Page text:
MPs kicked off a debate Tuesday on a proposal to encourage federal parties to run equal numbers of men and women.

If adopted, New Democrat MP Kennedy Stewart's private member's bill, C-237, would penalize political parties that don't come close to gender parity on their candidate slates. The bill will get an hour of debate this week, with another hour to follow likely in the fall.

Women hold only 26 per cent of the seats in the House of Commons -- the best-ever result, but still far from a number that reflects the percentage of Canadians who are female. According to the International Parliamentary Union, Canada ranks 61st in the world in terms of female MPs.

Stewart's proposal would see the parties lose a percentage of their election refunds. Federal parties are eligible to get half of their campaign expenses refunded; his bill would see them lose a portion of that if they didn't achieve 45-per-cent female slates.

Private member's bills are less likely to become law because they don't have the automatic support of a governing party the way government bills do. But Stewart says MPs from each party support his bill, including Liberal MP Pam Damoff, vice-Chair of the status of women committee, Conservative Senator Nancy Ruth and several of his New Democrat colleagues.

The amount each party would lose depends on how much it spends during an election, as well as on the number of women running. Based on the 2015 slates and 2011 election spending (2015 refunds are not available until June), the Conservatives would stand to lose the most at $1.2 million, the Liberals about $682,000, and the NDP about $102,000.

Stewart says a number of countries have a similar law, including Ireland, which nearly doubled the number of female candidates it ran in this year's national election. Forty per cent more women were elected to Ireland's legislature, although that still means only 35 out of 158, or 22 per cent, of legislators there are women.

"There have been similar results in France, and this has been very successful in other countries," Stewart told CTV News.

Conservative MP Lisa Raitt says she’ll vote against Stewart’s bill. She says Parliament needs to be a better workplace before more women want to run for office.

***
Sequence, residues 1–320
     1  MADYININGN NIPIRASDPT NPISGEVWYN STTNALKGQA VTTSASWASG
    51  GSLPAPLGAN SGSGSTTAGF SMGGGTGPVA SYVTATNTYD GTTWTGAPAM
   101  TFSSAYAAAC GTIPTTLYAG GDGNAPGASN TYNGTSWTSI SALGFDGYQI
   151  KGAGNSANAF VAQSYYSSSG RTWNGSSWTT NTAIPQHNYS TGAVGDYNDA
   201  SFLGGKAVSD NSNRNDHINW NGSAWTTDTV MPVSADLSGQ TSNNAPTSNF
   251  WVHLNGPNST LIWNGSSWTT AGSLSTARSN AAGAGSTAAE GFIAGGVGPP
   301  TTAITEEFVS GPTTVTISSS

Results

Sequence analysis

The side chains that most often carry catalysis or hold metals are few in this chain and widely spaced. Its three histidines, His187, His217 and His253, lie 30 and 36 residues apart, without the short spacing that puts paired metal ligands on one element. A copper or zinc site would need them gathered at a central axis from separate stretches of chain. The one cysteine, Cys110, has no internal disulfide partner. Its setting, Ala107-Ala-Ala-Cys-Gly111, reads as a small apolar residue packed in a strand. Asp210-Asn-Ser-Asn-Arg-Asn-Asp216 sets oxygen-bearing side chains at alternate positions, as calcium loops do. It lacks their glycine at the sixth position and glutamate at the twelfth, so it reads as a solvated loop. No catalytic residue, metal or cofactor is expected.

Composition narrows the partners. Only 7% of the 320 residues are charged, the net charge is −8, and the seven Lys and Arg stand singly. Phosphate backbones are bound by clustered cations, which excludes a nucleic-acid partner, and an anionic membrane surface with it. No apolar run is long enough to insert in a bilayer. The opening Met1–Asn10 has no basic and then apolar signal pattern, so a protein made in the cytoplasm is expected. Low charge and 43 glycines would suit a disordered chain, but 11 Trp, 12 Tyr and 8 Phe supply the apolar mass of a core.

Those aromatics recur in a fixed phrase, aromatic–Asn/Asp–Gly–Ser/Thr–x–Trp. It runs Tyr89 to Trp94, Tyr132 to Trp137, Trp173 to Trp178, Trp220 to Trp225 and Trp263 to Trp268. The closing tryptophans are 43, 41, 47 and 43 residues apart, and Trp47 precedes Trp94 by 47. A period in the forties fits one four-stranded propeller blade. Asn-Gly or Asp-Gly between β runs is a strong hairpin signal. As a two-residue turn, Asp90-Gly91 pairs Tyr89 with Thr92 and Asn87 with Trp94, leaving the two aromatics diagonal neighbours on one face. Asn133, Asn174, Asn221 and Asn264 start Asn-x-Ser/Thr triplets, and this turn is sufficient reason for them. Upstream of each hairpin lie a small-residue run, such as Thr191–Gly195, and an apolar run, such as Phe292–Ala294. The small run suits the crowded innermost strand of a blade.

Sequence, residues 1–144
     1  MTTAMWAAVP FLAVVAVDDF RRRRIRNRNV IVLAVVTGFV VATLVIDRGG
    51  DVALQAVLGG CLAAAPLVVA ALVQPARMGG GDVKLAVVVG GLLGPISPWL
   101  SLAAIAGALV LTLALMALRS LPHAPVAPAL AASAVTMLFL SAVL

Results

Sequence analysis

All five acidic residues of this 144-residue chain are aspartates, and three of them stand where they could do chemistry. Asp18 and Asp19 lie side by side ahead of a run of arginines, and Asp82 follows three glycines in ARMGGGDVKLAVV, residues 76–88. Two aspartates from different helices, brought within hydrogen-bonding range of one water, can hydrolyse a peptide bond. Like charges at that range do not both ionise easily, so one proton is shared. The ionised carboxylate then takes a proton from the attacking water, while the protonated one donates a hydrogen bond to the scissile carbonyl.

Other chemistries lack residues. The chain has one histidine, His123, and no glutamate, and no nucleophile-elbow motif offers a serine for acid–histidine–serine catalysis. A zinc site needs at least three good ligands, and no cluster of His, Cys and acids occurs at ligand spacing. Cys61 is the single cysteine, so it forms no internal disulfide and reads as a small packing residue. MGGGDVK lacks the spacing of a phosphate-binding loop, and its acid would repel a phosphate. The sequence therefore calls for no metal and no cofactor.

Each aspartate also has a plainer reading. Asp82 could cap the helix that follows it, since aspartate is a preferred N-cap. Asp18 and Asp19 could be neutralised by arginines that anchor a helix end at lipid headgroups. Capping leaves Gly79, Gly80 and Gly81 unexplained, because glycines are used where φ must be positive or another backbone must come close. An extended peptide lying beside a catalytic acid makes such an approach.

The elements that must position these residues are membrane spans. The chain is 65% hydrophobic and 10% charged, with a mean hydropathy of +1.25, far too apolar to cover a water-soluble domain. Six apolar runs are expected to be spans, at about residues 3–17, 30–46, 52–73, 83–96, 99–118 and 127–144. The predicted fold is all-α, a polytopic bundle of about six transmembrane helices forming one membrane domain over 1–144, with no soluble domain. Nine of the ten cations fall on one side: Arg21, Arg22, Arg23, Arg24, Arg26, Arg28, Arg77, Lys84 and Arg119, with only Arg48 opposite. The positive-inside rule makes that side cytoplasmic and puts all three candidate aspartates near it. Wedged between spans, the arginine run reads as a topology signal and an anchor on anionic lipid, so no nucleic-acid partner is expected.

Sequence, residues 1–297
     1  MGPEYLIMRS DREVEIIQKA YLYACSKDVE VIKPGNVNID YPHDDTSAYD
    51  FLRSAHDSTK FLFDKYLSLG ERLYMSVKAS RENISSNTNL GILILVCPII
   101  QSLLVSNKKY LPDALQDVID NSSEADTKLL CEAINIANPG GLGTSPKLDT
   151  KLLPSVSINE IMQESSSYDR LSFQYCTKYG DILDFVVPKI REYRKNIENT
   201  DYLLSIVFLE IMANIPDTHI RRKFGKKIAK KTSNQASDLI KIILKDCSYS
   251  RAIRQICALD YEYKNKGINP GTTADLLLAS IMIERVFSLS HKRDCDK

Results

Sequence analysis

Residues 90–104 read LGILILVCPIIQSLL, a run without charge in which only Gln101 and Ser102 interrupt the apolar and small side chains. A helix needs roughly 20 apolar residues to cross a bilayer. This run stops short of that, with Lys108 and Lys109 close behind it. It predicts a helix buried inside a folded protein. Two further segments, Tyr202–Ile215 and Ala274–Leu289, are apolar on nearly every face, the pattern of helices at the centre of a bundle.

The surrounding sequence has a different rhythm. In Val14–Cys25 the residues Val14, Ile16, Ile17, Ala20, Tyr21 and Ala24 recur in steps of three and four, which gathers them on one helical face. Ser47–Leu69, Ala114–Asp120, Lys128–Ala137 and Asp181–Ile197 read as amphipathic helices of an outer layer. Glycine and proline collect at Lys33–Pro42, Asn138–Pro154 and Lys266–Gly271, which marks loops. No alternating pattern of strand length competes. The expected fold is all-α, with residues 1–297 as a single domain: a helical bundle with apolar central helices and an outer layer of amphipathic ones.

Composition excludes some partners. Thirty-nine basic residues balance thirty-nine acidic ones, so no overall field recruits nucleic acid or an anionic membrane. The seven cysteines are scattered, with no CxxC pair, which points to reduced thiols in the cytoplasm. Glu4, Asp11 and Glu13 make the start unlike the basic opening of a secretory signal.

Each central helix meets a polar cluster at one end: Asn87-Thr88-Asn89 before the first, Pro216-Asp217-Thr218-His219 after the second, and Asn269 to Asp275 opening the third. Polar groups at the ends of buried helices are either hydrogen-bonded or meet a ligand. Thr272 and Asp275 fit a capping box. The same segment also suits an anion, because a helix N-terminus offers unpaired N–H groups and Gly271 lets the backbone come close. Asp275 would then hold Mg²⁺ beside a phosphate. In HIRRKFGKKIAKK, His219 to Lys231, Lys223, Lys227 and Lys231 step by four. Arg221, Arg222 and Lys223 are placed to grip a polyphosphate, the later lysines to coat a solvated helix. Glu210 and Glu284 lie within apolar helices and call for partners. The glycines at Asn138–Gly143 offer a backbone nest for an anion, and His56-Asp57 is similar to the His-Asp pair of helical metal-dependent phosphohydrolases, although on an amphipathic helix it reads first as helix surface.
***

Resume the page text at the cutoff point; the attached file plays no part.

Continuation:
“We have to be looked upon as MPs, as equal, not as a woman first, not as a man first. And until I see some change like that in the House it's going to be really difficult to want to encourage other women to come in here,” she said.

Raitt, the Conservative Party's finance critic, says men on the Hill need to be more cognizant of how they treat women differently, even if they think they’re being chivalrous. She pointed specifically to a moment last week when Prime Minister Justin Trudeau hugged interim Conservative leader Rona Ambrose when she teared up during a statement on the devastating wildfire in Fort McMurray.

“They shouldn't look across and see a female leader who is crying during a speech and want to comfort her. They should see a leader who is emotional about a topic that's important to that leader and let them have their moment and show Canadians how they feel,” Raitt said.

“It really bothered me that the prime minister decided to insert himself in that moment. He wouldn't have done it with (Conservative MP) Jason Kenney. He wouldn't have done it with a Stephen Harper. But he did it with a Rona Ambrose.”

Stewart says the bill would force the parties to decide whether they want to encourage more women to run, or give up part of their election refund. He says it wouldn't directly interfere with party nomination processes.

"We have to learn from other countries and we have to do what they do in order to push our parties, to nudge them forward to run more women candidates," he said.

"It is about justice. It's about making sure that our House of Commons reflects our population, and right now, it doesn't... If we keep going at this rate, it's going to take 60 years in order for us to have gender equity in this Parliament, and that's too long."

With files from CTV Parliamentary Bureau Chief Joyce Napier.